"The Helvetii were a Gallic[2] tribe or tribal confederation[3] occupying most of the Swiss plateau at the time of their contact with the Roman Republic in the 1st century BC. According to Julius Caesar, the Helvetians were divided into four subgroups or pagi. Of these Caesar only names the Verbigeni and the Tigurini,[4] while Poseidonios mentions the Tigurini and the Tougeni (Τωυγενοί).[5] They feature prominently in the Commentaries on the Gallic War, with their failed migration attempt to southwestern Gaul (58 BC) serving as a catalyst for Caesar's conquest of Gaul."

                              Comment


                              • #60
                                All that I can say is that my great grandfather, Josef Petermann was Swiss. He was born in Root, canton Luzern, Switzerland. The Petermann family has been in that town for many centuries. Even in the 1700s, Petermann was the most popular surname in town. The surname, in Switzerland, is found almost nowhere else. There are Germans with the surname but they are G2a. I think that in Root, there is a clear founder effect at work with the Petermann surname. Archaeological finds demonstrate that the town was likely in existence at the time of the Romans & was called Rota in Latin. There was an old slate quarry there that has been worked for centuries.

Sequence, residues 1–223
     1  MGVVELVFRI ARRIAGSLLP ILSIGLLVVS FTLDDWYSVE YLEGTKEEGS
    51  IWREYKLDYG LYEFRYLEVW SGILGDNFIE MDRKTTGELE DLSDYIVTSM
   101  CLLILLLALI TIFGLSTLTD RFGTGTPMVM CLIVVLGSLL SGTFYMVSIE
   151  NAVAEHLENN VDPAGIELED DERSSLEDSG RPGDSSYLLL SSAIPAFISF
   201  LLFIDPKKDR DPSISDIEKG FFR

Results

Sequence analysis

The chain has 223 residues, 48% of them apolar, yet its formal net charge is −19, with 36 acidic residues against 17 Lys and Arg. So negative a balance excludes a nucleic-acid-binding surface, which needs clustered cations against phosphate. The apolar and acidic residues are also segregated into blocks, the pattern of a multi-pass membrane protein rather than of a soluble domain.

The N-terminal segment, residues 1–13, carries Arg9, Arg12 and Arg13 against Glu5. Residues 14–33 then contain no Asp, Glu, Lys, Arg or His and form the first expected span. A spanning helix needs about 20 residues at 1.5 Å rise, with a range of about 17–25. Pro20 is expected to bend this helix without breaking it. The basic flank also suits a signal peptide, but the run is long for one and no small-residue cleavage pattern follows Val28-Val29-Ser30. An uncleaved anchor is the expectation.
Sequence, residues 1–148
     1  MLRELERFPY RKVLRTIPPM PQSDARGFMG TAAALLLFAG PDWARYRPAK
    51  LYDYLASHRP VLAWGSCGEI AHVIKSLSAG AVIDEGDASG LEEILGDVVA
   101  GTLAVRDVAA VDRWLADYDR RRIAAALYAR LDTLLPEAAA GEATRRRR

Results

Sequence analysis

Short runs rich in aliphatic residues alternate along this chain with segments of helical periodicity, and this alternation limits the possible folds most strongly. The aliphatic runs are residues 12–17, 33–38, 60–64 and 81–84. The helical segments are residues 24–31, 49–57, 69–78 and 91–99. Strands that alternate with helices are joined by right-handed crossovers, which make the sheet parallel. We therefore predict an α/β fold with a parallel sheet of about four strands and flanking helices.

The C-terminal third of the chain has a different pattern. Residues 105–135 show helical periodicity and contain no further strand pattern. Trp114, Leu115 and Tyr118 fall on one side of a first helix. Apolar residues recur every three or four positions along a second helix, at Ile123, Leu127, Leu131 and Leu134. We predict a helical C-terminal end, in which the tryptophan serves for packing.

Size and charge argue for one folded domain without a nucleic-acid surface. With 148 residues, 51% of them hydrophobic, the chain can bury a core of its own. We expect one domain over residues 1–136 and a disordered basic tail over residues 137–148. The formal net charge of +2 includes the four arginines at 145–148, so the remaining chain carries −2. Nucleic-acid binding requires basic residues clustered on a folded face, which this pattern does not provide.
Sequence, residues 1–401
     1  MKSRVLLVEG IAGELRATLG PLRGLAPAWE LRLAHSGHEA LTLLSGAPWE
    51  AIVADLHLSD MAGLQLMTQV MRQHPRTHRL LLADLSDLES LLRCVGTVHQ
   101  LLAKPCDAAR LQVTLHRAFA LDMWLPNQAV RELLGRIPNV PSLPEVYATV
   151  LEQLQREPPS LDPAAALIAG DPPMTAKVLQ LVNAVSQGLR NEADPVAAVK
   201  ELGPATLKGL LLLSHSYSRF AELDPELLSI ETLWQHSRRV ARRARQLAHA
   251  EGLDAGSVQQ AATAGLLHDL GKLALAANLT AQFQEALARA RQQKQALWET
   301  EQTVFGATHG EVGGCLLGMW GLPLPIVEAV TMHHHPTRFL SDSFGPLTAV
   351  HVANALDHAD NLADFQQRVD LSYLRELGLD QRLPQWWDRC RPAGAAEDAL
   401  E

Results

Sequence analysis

My Petermann line, unlike the Germans, is R1b L20*, which is strongest in the areas around the Alps (northern Italy & Switzerland), but is spread out thinly in other countries, including the Isles. my closest y-str matches are in Switzerland & some of my Big Y matches are from northern Italy.

                                When the Allemanni moved into Switzerland & set up shop, there were still plenty of Helvetii around. My guess is that the Allemanni gave the Petermann label to the Italo-Celtic inhabitants who were already in Root.

                                But no one knows for a fact whether the Helvetii were even L20. But it looks plausible to me.

                                Timothy Peterman